by Muriel Mirak-Weissbach
Armenian Mirror Spectator
FRANKFURT, APRIL 27, 2023 — It was in the historic Paulskirche (Church of St. Paul) in Frankfurt that the first National Assembly met in 1848 and worked to produce the first constitution for a German republic.
This year again it hosted the International Day of Commemoration of the Armenian Genocide on Sunday, April 23, organized by the April 24th Group, an initiative which includes the Diocese of the Armenian Church and the Central Council of the Armenians in Germany, as well as the Armenian Embassy in Berlin.
Their leading representatives spoke at the event, along with local political figures, Astrid Wallmann (CDU), President of the Hesse State Parliament, Prof. Dr. Roman Poseck (CDU), Hessian Minister of Justice, and Dr. Bastian Bergerhoff (Green Party), City Treasurer, who offered greetings.
Among the numerous guests were members of the Armenian community, the Hessian State parliament, and churches. Jonathan Spangenberg, Chairman of the Central Council of Armenians, cited American novelist William Faulkner: “The past is never dead. It’s not even past,” and thereby set the theme that others would develop.
The fact that Turkey still refuses to recognize the genocide is emblematic, and the continuing conflict, marked by war and renewed Azerbaijani aggression, not only in Nagorno Karabakh but also against the Republic of Armenia, documents the dangers to Armenian national security to the present day.
One speaker remarked that the Turkish republic, which celebrates its centenary this year, was founded on the genocide against the Armenians and other Christian minorities. Appeals were made to Germany, whose Bundestag (parliament) recognized the genocide in 2016, and the European Court for Human Rights, which condemned the blockade, to exert political pressure to open the lifeline corridor.
Armenian Ambassador to Germany Viktor Yengibaryan began his speech with reference to the German author and pacifist Armin Wagner, who served as a medic in World War I. Wegner documented the genocide in photographs, an unprecedented tragedy in human history. His testimony showed that the “most important lesson that the world had to learn is that the international community must combine its efforts to condemn and prevent genocide.”
Regarding recognition, Yengibaryan stressed Germany’s 2016 parliamentary resolution and its demand that Turkey “work through the massacres perpetrated and thereby establish the basis for necessary reconciliation with the Armenian side.”
He identified Germany’s own manner of dealing with its past as “exemplary for the whole world.” An important point Yengibaryan raised is that memory culture in the case of the Armenian genocide is not exclusive, but is part of remembrance in human history.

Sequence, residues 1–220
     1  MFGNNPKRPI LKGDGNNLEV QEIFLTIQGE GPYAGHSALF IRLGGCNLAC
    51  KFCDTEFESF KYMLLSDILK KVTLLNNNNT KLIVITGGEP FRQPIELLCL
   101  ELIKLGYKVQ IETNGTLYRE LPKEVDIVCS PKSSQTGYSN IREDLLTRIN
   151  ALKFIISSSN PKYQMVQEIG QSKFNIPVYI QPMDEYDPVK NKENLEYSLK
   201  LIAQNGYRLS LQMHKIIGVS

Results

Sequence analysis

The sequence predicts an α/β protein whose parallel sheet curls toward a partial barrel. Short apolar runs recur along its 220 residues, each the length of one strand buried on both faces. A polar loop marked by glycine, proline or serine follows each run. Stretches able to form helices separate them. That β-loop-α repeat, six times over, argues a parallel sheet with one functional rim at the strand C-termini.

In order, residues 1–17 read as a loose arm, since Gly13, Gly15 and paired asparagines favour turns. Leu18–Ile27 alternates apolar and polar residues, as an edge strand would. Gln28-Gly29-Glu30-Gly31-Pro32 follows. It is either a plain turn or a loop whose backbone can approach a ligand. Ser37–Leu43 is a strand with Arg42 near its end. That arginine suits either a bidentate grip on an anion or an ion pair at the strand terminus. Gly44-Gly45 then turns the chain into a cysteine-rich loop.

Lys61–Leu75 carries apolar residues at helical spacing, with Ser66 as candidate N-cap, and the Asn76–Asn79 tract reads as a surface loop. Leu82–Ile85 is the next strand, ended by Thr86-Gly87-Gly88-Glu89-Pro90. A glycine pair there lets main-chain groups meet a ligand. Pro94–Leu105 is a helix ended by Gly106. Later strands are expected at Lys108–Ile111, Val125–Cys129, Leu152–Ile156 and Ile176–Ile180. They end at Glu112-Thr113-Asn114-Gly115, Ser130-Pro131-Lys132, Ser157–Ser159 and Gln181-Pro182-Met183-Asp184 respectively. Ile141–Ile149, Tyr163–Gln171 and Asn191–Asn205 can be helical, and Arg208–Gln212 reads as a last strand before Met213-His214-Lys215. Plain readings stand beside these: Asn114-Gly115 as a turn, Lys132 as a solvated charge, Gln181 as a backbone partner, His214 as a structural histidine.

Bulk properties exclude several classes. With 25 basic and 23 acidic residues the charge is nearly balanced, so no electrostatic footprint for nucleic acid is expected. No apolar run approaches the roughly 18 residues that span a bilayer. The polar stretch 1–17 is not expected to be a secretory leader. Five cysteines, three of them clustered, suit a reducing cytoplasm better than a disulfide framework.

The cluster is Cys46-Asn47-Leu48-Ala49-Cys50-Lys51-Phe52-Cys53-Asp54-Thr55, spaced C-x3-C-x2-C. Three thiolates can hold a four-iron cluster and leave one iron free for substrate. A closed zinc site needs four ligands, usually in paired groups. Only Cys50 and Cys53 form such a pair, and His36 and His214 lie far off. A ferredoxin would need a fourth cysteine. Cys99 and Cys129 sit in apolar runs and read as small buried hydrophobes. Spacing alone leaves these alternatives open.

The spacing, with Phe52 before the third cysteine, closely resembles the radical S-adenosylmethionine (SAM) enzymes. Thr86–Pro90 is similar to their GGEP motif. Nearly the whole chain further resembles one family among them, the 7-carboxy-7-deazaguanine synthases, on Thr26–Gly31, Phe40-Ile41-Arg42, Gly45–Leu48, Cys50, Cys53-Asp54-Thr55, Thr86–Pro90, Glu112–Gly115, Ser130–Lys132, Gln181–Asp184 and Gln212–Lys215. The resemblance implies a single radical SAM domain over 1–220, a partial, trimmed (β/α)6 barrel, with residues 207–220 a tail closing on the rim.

And commemorations are important not only for the descendants of the victims, but also those of the perpetrators, as a vital element in the education and development of the next generation. In this respect, he welcomed the fact that some schools in Germany have included genocide studies in their curriculum. The goal is to achieve recognition and reconciliation, the ambassador said, because “reconciliation and peace are the only way to prevent such tragedies in the future.”
Noting the potential today for normalizing Turkish-Armenian relations, he rejected any attempt to exploit the past for revenge, and called instead for making it a “means to build mutual understanding, justice, and solidarity.” This can occur only with mutually acceptable conditions for peaceful coexistence.
Pointing to Armenia’s humanistic and neighborly response to the recent earthquake in Turkey and Syria, he said such courage is required to deal with the past. He, too, pointed to the regrettable fact that the “age of genocides” has not passed, when one considers the 2020 war, and the humanitarian catastrophe created with the Lachin corridor blockade, “an evident example of ethnic cleansing and genocidal actions” against Armenians.
The ambassador closed with a pledge, “here in the bastion of German democracy,” to seek peace and coexistence as the only alternatives. Bishof Serovpé Isakhanyan, Primate of the Armenian Church in Germany, concluded the ceremony with a passionate reference to the message of Easter: Christ is arisen! And, therewith, as St. Paul said, death had been overcome. He compared the experience of the Armenian people with that of Christ, in that its existence had not ended; rather, with the resurrection, life has continued.
Now, a hundred years after the genocide, he said, the Armenian people and state faced immense challenges, as the aggressions against the Republic and in Nagorno-Karabakh awaken the collective memory. Azerbaijan’s intentions to eradicate Armenian culture, to “de-Armenianize” the region must not be allowed to succeed; he called on Germany and all churches to make every effort to end the rhetoric of war and seek a just solution to the conflict.
The ceremony closed with intercessory prayers. Musical offerings interspersed throughout came from the Duo Manima, violinist Astghik Matinyan and guitarist Areg Hakobyan, who performed selections by Komitas and J.S. Bach.